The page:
Q3 Earnings In-Depth

Earnings of 20 cents per share missed the Zacks Consensus Estimate of 29 cents per share.

Revenues grew less than 10% to $101 million, also missing our consensus estimate. Analysts were hoping to see 13% year-over-year gains,

Comparable restaurant sales were up only 0.5% from the year-ago period.

During Q3, Chuy’s was impacted by poor weather conditions including heavy rains in Texas and Hurricane Florence in the Southeastern U.S. This mirrors the sales disruption the company experienced last year in Q3 due to Hurricanes Harvey and Irma.

The Tex-Mex chain said that patio sales plummeted 18% this quarter because of bad weather; patio sales are a big source of revenue for the restaurant company.

As a result, Chuy’s cut its guidance for the full-year. EPS projections were slashed by over 20 cents, and earnings are now anticipated to fall between $0.88 and $0.92 per share. Comps are expected to be flat, compared to previous guidance of a 1% gain.

It didn’t take long for analysts to lower their estimates for fiscal 2018, and five have slashed their earnings outlook in the last 60 days; our consensus has fallen 17 cents from $1.10 to $0.93. Earnings are expected to decline around 3% for this time period.

The consensus estimate has fallen for next fiscal year, too, down 19 cents from $1.19 to $1.00 per share. Five analysts have also cut their estimates for this time period as well.

CHUY is now a Zacks Rank #5 (Strong Sell).

Right now, Chuy’s is facing some serious headwinds, from rising labor costs and intense competition, that are causing a slowdown in growth.

However, the company hopes that by putting the brakes on its expansion plans for next year—Chuy’s is now going to open just five to seven new restaurants—it can focus on improving labor efficiency, tech initiatives, and profit margins.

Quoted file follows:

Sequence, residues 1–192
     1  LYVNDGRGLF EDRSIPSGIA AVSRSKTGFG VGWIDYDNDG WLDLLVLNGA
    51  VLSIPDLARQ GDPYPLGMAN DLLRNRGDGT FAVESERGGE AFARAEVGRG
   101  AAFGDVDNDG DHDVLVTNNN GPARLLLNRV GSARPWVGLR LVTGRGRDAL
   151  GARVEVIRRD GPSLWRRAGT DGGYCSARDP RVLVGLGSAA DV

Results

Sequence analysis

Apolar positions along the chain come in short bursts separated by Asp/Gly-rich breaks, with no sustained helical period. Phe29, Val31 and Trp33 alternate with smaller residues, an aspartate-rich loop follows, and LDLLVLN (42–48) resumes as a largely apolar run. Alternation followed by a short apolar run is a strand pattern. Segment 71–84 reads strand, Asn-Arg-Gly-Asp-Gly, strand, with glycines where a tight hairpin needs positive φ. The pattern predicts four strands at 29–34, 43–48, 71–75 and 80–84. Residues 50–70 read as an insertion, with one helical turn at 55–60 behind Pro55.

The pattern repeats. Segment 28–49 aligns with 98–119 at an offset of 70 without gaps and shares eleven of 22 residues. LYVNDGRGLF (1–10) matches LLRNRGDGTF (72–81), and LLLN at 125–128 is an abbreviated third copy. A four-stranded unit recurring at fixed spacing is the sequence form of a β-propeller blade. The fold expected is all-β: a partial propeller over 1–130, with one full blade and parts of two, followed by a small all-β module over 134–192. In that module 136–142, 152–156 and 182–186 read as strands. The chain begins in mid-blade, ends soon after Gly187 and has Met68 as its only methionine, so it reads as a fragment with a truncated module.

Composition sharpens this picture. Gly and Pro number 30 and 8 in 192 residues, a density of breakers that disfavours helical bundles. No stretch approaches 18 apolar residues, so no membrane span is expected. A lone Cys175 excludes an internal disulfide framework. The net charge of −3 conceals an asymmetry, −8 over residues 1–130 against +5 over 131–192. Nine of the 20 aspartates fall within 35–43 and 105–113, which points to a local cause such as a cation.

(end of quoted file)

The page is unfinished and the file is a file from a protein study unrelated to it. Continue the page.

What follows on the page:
Additional content:

Will Something Cheer Up Stocks? Global Week Ahead

 

With lots of red on traders’ screens, showing them an empty hand for suffering through the many macro risks cast across an entire year, we enter a mid-November trading week without much bonhomie.

Can the global stock markets finally find something to cheer about? It has been a sobering year of poverty… in terms of returns.

Can some country index prevail, somewhere? We shall see.

Below are five big underlying macro themes. These are the most likely to dominate the thinking of investors and traders alike in the Global Week Ahead.

(1) Here Comes Thanksgiving, Amid Hopes for a New Year

As 2018 inches toward its close, many investors, such as those sitting on 16-percent losses on emerging market stocks, will be looking forward to turning the page on the year.

Ditto for those who bought Italian bonds and found themselves 12 percent in the red. Buyers of U.S. equities, on the other hand, with 6 percent-plus returns, will have something to be grateful for at Thanksgiving.

As for 2019, where exactly should the canny fund manager go? Some clarity may emerge in coming days as investors start to detail investment bets for the year ahead, including at Reuters’ annual asset allocation summit which runs all week in London, New York and Singapore. More than 30 hedge fund managers, stock and bond investors, short sellers and macroeconomists managing tens of trillions of dollars will lay out their vision for 2019.